I don't think BlackBerry 10 will win over iPhone or Android users. I think BlackBerry 10 could win over Windows Phone users. Any old WebOS fan will instantly fall in love with BlackBerry 10. Any old BlackBerry fan who switched to another platform will come back home once they see how awesome BlackBerry 10 is. They will say, "Wait, a software keyboard can be that awesome?" or "Why can't my iPhone connect me so well to my LinkedIn profile and Facebook profile?" And they will switch back to their trusted and loved BlackBerry. Within two years you will see this, not from everyone of course, but the majority of old BlackBerry fans. Remember, they wanted BlackBerry to do this years ago. And BlackBerry is better at mail, messaging, calender and browser then the other guys (at least with BlackBerry 10).
I also think non-smartphone users have a chance to switch from a dumb phone to a BlackBerry 10 device. Why do I say that? Well, one the keyboard. Most people who don't have a smartphone say I couldn't live with a touchscreen keyboard. That statement is usually false, of course, but that is what they think. So they will walk into a smartphone store, say to the salesman, "I want a smartphone, but I don't care for touch screen keyboard. I want to be able to check my email and text people, and I don't care about all those fancy smancy features." THe customer will pause, "And I really want to be able to browse the web. What do you have?" Any GOOD salesman will point to a new BlackBerry N-Series or BlackBerry C-Series (that Curve looking device) and say "These BlackBerry's are perfect for you."
Then when they get into the smartphone world, they will stay because BlackBerry 10 has everything the other guys have. And by the time a normal person would be able to switch (at least in America) two years after switching to BB10, BB10 will have tons of apps and there won't be a need to switch to get the latest Angry Birds or whatever is cool in the future. So they will just buy the latest BB10 device. Now some might think I am crazy, but my entire family, minus my Dad, started on a BlackBerry. My mom and my ex-wife has moved on to the iPhone 4, I moved from a BlackBerry Curve to a Windows Phone 7, to an Epic, then an Epic Touch 4G and now to a ... Windows Phone 8? BB10 Device? I don't know yet, I am stuck at which device I want.
But you see, it's possible and likely this situation will happen. But a similar situation will happen with Windows Phone 8. People will like having a similar platform as their computer. People will want a Nokia with their Surface. Or a Samsung with their Samsung PC. Or ... you see where I am going.
So BB10 has a chance. 2013 is RIM's final chance. I think, after watching Thorsten Heins at BlackBerry World, he is a very good salesman, like Steve Jobs was. Heins has this attitude that his product is good, and he and his whole company is working to make it better. I think next month RIM and Heins will show their vision of what a smartphone ecosystem looks like. And I think it will be awesome.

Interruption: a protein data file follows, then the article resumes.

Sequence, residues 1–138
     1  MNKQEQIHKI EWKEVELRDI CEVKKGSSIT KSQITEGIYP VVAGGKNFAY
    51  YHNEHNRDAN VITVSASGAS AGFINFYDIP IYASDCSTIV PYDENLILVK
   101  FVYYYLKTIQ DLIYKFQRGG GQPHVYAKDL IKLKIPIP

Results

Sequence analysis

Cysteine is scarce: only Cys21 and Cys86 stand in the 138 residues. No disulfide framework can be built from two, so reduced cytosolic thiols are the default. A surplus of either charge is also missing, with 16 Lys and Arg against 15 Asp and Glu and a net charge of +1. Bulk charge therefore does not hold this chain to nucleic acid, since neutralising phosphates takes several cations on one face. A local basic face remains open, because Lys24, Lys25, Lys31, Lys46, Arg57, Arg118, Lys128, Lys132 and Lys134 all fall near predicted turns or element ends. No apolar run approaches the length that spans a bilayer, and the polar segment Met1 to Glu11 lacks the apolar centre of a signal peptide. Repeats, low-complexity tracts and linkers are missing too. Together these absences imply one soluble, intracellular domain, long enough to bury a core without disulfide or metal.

- 12-27-12, 09:53 AM #69
Sorry but carriers don't hire what you call "good" salespeople. Have you been in a carrier store lately... maybe with BB10 it will change, but right now BB's are are hidden away on a back shelf somewhere, and NO ONE is suggesting them to an undecided customer.
And if it takes two years for BB10 to have "tons of apps", then it will be game over for them in six months. But personally I don't think they need a huge library of apps, but all the major ones need to be there on DAY ONE. And within six months you need to start seeing company's that have iOS & Andorid Apps also supporting BB10 (really dumb name - but maybe it will transform into BBOS once BBOS is gone)
- 12-27-12, 10:42 AM #71
MS pockets are too deep to stay behind RIM.
Listen to NPR this morning and they were talking about the mobile industry this year and next, but they said that WP was not really seeing much traction yet. But that it might take 12-18 months for the new OS to see the support it needs. They didn't mention RIM and BB10, but did mention a report from iSupply that said Globally RIM had fallen to 5% of the smartphone market ( I assume coming from iSuppy that refers to sales, not actual marketshare)
Made me wonder, does RIM have 12 - 18 months if they don't see immediate increase in sales? I'm sure the first couple of months should be good, just from the die hard fans and those that have been holding off buying a new phone for a number of months. But what if it isn't an immediate hit with consumers, does RIM have the capital to operate for that long?
- 12-27-12, 11:40 AM #72
Deep pockets don't guarantee traction, as Microsoft has shown with their current position in Mobile. And Microsoft has never had a mobile user base of 79 Million customers. RIM is in a perfect position with BB10 to migrate existing BBOS users to BB10, and try to win back customers that left for other platforms. Microsoft has to win customers they have never had, and in a market where traditional Microsoft products are being replaced by tablets and phones.
- 12-27-12, 01:11 PM #73
- 12-27-12, 02:48 PM #75
Prime display real estate goes two ways: It's selling well or the OEM pays for the spot.